Specification, Handling & Storage – Lifting Concrete Pipes

Lifting Concrete Pipes

Handling and Lifting Concrete Pipes

Spigot & Socket pipes and accessories are manufactured in accordance with BS 5911. This is the relevant British Standard which sets out the complete specification including manufacturing tolerances and the various strength and hydrostatic tests which the final product must comply with. However it does not include guidelines on the use if pipes for particular situations. For Guidelines on specifying the use of pipes including Diameter, Class, Bedding details etc. refer to Concrete Pipe Systems Association Publications or your engineers details.

  1. Loads on Buried pipelines in trenches simplified tables.
  2. Hydraulic calculations for sewer and surface water.
  3. Laying concrete pipelines in trenches.
  4. Jacking Concrete Pipes.

Below describes the markings which the manufacturer puts on pipes to identify them.

L = Light Duty, M = Medium Duty & H = Heavy Duty
[see the crushing tables which shows the load a particular diameter of pipe or class should sustain]

R = Reinforced.  Unreinforced is not identified
[pipes below DN 900 do not have to be reinforced provided they sustain the relevant loads applied]

SR = Sulphate Resistant Cement
[this may be specified for certain ground conditions.]

PC = Portland Cement is not identified

BS5911= The British Standard to which the pipe is manufactured.

British Kitemark = This indicates that the BS institution, following initial on site tests and continuous site assessments, have been satisfied that the product meets the relevant standard and grant the manufacturer a licence to use the Kitemark on product.

Lifting Concrete PipesManufacturers name, date of manufacture and internal diam are also marked on pipes

There may be other marking on pipes such as colours or batch number which is solely for the manufacturers purposes.

Handling & Storage
Time and place of loading should be agreed before units arrive on site. The pipe line contractor should provide suitable equipment for offloading, stacking and stringing out pipes and other accessories on site.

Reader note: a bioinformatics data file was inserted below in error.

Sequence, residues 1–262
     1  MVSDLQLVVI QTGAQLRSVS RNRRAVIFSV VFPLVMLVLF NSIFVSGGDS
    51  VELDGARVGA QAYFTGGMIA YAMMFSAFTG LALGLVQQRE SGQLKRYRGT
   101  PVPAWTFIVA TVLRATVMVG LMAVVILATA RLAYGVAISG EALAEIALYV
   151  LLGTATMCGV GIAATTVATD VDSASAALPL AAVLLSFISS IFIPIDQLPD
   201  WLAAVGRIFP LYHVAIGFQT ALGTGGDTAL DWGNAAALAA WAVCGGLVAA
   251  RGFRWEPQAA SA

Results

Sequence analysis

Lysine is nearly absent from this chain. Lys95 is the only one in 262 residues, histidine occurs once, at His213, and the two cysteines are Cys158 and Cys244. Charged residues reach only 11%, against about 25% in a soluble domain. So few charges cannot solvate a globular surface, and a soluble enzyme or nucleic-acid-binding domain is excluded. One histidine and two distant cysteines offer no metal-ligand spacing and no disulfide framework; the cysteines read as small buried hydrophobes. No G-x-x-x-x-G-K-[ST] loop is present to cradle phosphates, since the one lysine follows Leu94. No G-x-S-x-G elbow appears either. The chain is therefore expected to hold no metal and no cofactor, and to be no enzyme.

For lifting equipment please contact our sales department or headoffice@traceyconcrete.com

Offloading should take place at the nearest hard road to the point of installation provided it is accessible for delivery trucks. All units must be left in a stable condition well clear of the edge of trench.

Pipes should be handled horizontally using a properly designed ‘c’ hook or other purpose designed equipment, but not unprotected chains. For safety reasons always know the weight of pipe to be lifted.

Never Lift pipes or accessories as shown in Fig. 3 which is likely to cause damage to spigot or socket.

Lifting Concrete PipesWhere stacking is necessary, this must be on level ground and the bottom layer of pipes securely chocked to prevent pipes from rolling or stack from collapsing.

Pipes should be supported under the barrell of the pipe so that the sockets are free from load, they should preferably be stacked barrell to barrell with sockets overhanging alternative sides.

Mainly for safety reasons pipes should not be stacked in greater numbers of layers than shown in table. Generally the height of stack should not exceed 2.0m high.Lifting Concrete Pipes

Carefully inspect during off loading to verify that products comply with order and are not damaged. If a product fails to meet these conditions notify the company immediately and record details on delivery docket.

Pipes or other units which have to be moved, should never be dragged. If pipes have to be rolled, beware of rocks or boulders which may damage joint profiles.

         Drainage – UK-PDF               Drainage – IRE/NI-PDF


Case Studies

Titanic Signature Project, Belfast

Harbour Way Project, Port Talbot, Wales

Bedale, Aiskew and Leeming Bar Bypass, North Yorkshire

Rotherhithe, London – Thames Water

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